A soft white bread roll about six inches diameter, buttered, filled with a skinned, battered, deep-fried haddock fillet, drowned with malt vinegar and coated in salt.

    OK. It’s probably mirrored in Hipsterville by fish-finger sandwiches, and they’d call it “Old skool dirty fish sammidge” and ruin it by adding mayo.

    Ask @Tinytwink

  • Reply Jackie March 8, 2016 at 9:58 pm

    Yes to the bone marrow – that shit is just gross. As are the eggs that seem to wobbling on top of whatever all over Instagram these days.

    I have never tasted matcha but – like the eggs and avocado on toast on Instagram – the sight of matcha whatever (ice cream. cupcakes) makes me stabby – it’s just so try-hard.

    • Helen Graves
      Reply Helen Graves March 9, 2016 at 7:57 am

      Haha. I don’t want you to get stabby, Jackie, but I quite like the flavour in ice cream because the sugar balances the bitterness.

  • Reply Mark March 8, 2016 at 10:40 pm

    God this is like AA (I imagine).

    My dirty secret is those burgers you buy in a plastic packet in the supermarket for £2 or whatever…but you don’t microwave them as instructed. I toast the bread and fry the burger. Add some red sauce and American mustard, pickle, maybe sriracha and you have something that is, I’d say, at a level of the best burger you could expect from McD’s. I tell the check out person I buy them for my children . Her look says…pity.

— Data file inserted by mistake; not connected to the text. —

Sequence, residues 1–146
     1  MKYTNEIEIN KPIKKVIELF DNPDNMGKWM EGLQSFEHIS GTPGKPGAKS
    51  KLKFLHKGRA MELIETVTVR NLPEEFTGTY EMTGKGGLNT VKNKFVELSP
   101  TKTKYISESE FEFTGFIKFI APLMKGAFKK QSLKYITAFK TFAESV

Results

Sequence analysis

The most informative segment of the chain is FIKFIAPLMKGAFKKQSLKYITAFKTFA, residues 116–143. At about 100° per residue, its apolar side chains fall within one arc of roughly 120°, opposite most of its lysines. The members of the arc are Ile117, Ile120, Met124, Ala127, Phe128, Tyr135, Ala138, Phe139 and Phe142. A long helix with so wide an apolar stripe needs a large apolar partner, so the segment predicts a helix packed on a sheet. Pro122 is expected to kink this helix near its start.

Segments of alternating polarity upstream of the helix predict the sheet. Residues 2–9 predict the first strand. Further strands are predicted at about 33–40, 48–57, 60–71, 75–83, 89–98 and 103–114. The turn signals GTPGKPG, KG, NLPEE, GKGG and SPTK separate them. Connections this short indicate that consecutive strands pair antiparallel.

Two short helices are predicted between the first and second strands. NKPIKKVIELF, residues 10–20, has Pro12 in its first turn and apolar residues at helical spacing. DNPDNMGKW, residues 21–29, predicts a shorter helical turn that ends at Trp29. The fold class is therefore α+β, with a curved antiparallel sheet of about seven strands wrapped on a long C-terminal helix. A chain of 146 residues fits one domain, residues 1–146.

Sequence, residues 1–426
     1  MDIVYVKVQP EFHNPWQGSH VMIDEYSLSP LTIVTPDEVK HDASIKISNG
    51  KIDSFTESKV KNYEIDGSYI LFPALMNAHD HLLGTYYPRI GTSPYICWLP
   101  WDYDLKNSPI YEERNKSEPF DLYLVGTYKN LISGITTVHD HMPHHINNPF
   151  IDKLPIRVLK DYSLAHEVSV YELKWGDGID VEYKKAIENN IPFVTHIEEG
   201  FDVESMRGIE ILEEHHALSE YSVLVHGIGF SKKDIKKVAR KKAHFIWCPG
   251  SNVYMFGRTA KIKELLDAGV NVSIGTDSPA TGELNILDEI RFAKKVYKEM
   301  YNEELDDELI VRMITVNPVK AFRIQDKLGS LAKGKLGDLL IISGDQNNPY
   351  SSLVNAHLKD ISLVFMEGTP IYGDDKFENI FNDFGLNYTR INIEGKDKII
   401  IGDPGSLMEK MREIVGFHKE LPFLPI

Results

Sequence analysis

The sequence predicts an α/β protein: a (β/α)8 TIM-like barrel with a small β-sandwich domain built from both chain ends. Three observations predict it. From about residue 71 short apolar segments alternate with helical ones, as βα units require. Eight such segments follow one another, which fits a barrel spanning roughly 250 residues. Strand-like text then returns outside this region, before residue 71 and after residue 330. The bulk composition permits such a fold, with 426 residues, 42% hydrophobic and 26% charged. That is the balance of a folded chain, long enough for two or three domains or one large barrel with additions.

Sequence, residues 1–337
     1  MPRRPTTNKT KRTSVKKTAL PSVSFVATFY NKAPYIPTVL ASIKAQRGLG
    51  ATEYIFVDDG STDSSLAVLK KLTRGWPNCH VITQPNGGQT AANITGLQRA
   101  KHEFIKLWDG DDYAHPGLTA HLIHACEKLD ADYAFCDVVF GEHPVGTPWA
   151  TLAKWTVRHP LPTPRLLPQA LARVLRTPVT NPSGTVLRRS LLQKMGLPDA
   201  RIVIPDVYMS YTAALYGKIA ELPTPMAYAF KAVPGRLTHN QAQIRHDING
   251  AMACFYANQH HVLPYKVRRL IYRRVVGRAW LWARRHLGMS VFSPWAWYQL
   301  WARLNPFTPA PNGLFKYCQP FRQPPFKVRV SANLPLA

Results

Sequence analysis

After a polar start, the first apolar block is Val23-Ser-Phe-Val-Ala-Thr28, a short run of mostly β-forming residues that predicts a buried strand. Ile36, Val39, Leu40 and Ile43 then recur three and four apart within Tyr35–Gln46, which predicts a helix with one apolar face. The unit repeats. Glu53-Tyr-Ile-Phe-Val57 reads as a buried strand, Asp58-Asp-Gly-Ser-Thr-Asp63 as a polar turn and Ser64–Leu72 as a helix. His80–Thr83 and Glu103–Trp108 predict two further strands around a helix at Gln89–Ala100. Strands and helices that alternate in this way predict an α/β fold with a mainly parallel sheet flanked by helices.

Also have recently rediscovered digestive biscuits with 5mm butter on top – standard apres school fare many years ago.

    I am reminded of the pies I used to buy on Byres Rd in Glasgow – mutton pie with beans on top but in the INSIDE!!! Genius.

    Anchovies straight out the jar while drinking gin…

    The deep fired pizza supper which does have some lineage back to the old country…

    I do make claim to one original dish – haggis ravioli. I made it first and it is great. Yes, carb on carb, like potato pizza – don’t mock.

    Ambrosia creamed rice out the tin with a spoon when I was 12 or so, round at my Gran’s. Never told my Mum.

    Crisp sandwiches.

    I am currently running the concept of fish pie pie thru my mind… a standard potato topped fish pie, wrapped in rough puff. It has winner written all over it.

    I need to go and lick some wisks.

    • Helen Graves
      Reply Helen Graves March 9, 2016 at 8:00 am

      I am very impressed by this comprehensive list, Mark. The burgers … well, I am speechless! Good for you. I applaud your honesty. Anchovies straight from the tin is just necessary, and I like the idea of haggis in raviloli. I’ve had it in gyoza before, which was pretty damn tasty, and it’s great in a toasted sandwich. Weirdly, so is the vegetarian haggis, no idea what they make it with.

      • Reply Alicia (foodycat) March 9, 2016 at 9:11 am

        The mention of creamed rice from the tin makes me want to see if tinned ravioli lives up to my memories of it.

  • Reply Martha March 8, 2016 at 11:06 pm